Results Forty-six per cent of the sample reported relighting, and those subjects smoked significantly fewer cigarettes per day (CPD), despite similar levels of dependence and exhaled carbon monoxide (CO) values. In unadjusted analyses, significantly higher rates of relighting were found among females, African-Americans, smokers who had a high school diploma or less, and were unemployed, sick or disabled. Relighting was more prevalent among smokers with higher markers of dependence, menthol smoking and night smoking. In multivariate analyses, markers of dependence and economic factors (employment and education) remained significant.
Aims During the recent economic downturn, trends towards fewer cigarettes smoked per day have emerged along with the practice of extinguishing and relighting cigarettes. Few studies have characterised factors related to relighting cigarettes and none have explored this behaviour in those seeking tobacco treatment. This study describes treatment-seeking patients who relight cigarettes and examines implications on tobacco policy and treatment.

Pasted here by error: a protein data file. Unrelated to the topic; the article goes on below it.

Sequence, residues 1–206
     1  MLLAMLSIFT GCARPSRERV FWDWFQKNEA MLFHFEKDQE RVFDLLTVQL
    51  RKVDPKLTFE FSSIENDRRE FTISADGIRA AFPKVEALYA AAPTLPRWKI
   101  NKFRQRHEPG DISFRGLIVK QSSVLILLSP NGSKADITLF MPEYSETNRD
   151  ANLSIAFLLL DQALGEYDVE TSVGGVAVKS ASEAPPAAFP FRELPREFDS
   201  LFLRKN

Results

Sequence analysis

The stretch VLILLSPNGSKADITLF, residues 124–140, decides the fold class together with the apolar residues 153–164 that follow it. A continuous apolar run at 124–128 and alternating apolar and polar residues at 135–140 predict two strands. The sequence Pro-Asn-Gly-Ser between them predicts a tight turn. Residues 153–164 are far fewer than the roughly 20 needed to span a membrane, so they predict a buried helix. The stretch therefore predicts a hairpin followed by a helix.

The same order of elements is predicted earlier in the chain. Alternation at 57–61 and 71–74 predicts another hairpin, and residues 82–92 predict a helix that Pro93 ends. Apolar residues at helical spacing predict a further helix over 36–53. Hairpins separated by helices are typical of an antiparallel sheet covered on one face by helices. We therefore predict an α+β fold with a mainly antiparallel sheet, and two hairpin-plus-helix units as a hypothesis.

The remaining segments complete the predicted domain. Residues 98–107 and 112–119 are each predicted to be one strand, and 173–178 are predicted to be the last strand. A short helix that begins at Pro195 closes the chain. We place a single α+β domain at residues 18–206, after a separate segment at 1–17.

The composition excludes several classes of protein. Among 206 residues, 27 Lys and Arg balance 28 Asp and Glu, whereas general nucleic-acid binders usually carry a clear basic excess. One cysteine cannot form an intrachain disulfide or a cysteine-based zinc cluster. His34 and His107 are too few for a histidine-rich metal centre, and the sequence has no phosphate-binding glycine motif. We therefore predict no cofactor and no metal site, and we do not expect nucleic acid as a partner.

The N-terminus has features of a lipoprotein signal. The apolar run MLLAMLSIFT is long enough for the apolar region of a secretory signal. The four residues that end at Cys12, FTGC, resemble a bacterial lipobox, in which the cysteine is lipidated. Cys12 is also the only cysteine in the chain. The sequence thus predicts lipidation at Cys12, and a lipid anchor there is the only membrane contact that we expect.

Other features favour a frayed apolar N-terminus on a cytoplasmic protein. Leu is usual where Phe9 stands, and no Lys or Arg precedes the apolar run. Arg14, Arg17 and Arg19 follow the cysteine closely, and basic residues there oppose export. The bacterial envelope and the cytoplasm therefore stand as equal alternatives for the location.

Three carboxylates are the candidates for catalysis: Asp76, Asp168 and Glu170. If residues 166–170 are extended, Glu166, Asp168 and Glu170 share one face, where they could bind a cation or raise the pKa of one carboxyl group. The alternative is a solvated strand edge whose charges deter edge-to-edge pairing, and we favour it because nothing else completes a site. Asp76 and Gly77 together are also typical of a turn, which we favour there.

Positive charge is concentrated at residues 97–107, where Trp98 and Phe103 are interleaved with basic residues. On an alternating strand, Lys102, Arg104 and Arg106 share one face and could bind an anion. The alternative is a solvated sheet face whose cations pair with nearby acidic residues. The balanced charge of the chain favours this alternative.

Methods Data were collected from a cross-sectional sample of 496 patients at a specialty tobacco treatment programme in New Jersey from 2010 to 2012.
Conclusions Characteristics linked to economic factors were related to increased relighting. Implications for tobacco treatment include the impact on pharmacotherapy dosing and counselling interventions. The tobacco control community needs to be aware of this phenomenon. Collecting data on 'smoking sessions per day' might be a more accurate depiction of smoking exposure than CPD.
All Science Journal Classification (ASJC) codes